Declaration of Independence Gallery: Have a seat in your own Windsor chair to witness the unfolding debate and decision-making as delegates to the Continental Congress decide whether to declare American independence in an immersive theater that evokes Philadelphia’s Independence Hall. Then view authentic printings of the Declaration of Independence on display.

Meet Revolutionaries: Engage with costumed educators in the galleries who can offer a deeper understanding of the lives and times of the Revolutionaries. At the Battlefield Theater, learn to muster before marching into battle. On the Privateer Ship, discover how to load and fire one of the ship’s cannons. At Discovery Carts, handle replica artifacts to learn more about how they were made and used.

Cross Keys Café: Taste the Revolution at the Museum’s Cross Keys Café, named for a nearby 18th century tavern. The café offers grab-and-go soups, salads, and sandwiches as well as colonially-inspired dishes like Chicken Pot Pie, Tun Tavern Bread Pudding, and Martha Washington’s Chocolate Cake. Seasonal outdoor seating on the terrace offers unmatched views of Hamilton’s First Bank and Independence National Historical Park. No Museum ticket purchase necessary to enter the café.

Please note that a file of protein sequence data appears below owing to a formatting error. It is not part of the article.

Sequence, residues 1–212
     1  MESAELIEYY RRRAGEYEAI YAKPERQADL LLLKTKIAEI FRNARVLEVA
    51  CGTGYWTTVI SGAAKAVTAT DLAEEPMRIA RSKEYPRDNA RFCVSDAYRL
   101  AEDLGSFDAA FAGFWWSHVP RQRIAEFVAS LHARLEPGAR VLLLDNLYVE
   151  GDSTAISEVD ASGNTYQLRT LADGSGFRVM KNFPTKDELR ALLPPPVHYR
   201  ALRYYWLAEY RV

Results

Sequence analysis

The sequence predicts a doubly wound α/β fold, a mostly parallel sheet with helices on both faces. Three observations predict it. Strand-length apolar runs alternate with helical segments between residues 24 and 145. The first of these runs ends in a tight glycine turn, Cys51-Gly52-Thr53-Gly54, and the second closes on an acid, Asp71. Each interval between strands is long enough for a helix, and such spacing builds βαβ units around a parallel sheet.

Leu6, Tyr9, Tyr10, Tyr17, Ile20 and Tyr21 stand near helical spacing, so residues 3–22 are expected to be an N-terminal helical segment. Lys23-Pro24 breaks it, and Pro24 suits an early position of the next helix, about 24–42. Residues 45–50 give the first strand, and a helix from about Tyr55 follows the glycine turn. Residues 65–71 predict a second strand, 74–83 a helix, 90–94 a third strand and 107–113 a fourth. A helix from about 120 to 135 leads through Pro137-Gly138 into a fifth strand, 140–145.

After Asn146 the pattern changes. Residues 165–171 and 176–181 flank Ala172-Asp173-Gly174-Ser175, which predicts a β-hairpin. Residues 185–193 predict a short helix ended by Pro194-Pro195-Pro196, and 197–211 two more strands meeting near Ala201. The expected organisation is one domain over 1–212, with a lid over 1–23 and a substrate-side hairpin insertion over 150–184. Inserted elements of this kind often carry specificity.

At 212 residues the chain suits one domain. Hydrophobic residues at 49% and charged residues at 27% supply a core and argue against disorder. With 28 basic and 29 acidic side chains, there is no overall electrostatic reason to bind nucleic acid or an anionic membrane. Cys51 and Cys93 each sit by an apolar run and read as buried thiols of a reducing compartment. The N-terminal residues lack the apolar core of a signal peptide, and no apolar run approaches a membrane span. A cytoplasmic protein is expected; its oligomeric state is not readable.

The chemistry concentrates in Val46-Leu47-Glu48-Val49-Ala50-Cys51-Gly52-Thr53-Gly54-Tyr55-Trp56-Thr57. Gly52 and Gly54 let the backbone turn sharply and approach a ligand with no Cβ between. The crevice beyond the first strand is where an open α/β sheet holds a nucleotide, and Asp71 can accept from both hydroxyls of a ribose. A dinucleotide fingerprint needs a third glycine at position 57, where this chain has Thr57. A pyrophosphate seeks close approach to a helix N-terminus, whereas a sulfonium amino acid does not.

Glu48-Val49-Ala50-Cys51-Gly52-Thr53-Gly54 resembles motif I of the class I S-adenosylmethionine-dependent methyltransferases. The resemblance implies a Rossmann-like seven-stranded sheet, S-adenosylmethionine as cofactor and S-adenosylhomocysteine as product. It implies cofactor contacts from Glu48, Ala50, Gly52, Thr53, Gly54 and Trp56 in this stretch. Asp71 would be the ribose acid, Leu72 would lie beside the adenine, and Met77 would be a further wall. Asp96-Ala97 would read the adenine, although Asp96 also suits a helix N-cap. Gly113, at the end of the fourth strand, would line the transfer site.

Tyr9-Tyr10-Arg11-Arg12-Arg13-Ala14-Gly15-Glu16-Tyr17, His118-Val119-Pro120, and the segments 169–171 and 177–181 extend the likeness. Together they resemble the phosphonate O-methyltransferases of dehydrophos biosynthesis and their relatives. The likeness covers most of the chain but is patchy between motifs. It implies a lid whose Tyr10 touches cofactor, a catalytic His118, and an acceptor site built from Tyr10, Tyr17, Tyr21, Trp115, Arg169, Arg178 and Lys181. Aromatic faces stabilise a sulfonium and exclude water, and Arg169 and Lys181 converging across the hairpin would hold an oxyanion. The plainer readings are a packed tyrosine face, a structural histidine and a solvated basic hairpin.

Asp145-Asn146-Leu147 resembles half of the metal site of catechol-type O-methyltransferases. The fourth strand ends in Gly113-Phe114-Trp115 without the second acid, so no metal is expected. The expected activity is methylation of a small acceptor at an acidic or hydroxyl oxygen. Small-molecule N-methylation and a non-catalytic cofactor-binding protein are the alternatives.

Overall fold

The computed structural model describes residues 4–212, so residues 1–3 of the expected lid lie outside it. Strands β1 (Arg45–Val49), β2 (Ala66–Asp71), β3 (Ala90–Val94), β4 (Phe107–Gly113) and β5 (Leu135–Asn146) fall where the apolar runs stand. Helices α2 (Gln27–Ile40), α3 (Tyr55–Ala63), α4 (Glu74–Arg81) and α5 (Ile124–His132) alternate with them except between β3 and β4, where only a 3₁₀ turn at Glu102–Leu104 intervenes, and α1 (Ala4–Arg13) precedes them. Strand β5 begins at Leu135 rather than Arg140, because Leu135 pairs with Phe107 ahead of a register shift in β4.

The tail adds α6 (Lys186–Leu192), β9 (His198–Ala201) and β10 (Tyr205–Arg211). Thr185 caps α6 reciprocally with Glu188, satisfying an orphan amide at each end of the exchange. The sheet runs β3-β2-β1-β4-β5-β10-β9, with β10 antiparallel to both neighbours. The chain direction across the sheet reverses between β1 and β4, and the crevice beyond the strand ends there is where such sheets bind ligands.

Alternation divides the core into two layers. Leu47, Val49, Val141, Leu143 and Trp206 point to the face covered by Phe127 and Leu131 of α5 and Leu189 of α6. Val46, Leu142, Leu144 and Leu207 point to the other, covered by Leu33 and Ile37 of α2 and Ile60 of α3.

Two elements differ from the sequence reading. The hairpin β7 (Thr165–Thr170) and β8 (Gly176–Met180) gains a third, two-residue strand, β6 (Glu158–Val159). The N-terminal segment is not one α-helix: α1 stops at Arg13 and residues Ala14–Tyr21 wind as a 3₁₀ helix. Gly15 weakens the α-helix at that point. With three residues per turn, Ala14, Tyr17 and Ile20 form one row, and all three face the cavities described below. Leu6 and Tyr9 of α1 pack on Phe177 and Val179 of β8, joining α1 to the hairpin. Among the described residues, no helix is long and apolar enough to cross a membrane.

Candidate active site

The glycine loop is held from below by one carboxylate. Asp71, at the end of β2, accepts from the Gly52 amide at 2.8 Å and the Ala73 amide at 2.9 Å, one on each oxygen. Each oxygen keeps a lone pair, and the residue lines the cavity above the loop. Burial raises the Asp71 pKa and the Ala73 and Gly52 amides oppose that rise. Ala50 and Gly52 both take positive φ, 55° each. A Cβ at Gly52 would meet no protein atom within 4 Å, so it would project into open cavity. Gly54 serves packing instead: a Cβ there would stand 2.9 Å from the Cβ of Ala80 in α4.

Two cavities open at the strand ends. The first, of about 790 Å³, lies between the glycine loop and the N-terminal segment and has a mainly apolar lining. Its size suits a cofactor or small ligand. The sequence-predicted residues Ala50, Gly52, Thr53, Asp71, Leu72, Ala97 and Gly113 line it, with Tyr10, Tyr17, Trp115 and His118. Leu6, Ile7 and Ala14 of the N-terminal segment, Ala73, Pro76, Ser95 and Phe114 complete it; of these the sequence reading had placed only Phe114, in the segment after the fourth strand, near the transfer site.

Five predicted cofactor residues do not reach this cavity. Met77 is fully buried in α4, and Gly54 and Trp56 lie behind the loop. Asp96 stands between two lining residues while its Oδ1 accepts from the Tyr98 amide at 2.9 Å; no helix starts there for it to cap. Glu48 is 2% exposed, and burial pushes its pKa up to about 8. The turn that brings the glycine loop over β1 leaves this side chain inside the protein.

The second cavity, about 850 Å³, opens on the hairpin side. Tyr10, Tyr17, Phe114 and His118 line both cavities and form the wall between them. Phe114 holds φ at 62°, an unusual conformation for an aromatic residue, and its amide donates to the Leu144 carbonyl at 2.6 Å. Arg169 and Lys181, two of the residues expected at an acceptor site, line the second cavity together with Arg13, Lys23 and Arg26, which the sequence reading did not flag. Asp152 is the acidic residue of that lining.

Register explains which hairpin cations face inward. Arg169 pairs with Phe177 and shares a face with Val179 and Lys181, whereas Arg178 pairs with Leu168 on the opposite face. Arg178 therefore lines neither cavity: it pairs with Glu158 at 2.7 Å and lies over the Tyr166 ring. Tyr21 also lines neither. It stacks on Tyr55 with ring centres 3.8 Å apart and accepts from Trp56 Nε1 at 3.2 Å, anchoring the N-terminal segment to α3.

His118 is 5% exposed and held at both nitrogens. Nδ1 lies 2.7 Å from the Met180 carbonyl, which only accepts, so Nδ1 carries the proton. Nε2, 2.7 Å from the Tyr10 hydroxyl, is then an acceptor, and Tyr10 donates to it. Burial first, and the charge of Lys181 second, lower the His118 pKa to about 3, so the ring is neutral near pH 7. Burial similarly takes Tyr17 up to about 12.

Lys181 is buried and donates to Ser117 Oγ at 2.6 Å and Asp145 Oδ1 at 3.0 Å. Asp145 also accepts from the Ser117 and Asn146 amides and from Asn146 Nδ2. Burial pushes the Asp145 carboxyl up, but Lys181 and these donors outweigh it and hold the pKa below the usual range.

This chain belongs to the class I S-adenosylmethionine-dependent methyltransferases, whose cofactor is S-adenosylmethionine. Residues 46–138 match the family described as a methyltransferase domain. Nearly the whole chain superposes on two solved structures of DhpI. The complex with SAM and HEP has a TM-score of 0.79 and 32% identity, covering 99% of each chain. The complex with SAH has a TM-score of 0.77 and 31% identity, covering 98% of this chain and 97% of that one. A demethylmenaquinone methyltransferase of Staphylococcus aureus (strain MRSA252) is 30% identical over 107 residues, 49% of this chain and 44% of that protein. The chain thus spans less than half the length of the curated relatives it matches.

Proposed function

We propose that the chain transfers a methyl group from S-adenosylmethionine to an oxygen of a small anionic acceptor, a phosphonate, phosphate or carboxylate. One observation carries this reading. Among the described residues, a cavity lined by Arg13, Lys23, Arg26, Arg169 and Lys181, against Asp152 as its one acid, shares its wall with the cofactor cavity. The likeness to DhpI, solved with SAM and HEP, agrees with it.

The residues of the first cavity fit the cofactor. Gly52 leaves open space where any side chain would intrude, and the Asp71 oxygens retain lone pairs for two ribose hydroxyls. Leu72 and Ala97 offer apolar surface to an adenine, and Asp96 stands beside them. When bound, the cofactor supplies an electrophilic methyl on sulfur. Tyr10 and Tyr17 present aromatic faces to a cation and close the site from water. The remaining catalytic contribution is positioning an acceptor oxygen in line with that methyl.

About the Museum of the American Revolution

The Museum of the American Revolution explores the dynamic story of the American Revolution using its rich collection of Revolutionary-era weapons, personal items, letters, diaries, and works of art. Immersive galleries, theater experiences, and recreated historical environments bring to life the events, people, and ideals of our nation’s founding and engage people in the history and continuing relevance of the American Revolution. Located just steps away from Independence Hall, Carpenters’ Hall, and Franklin Court, the Museum serves as a portal to the region’s many Revolutionary sites, sparking interest, providing context, and encouraging exploration. The Museum is a private, non-profit, and non-partisan organization. For more information, visit www.AmRevMuseum.org or call 877.740.1776.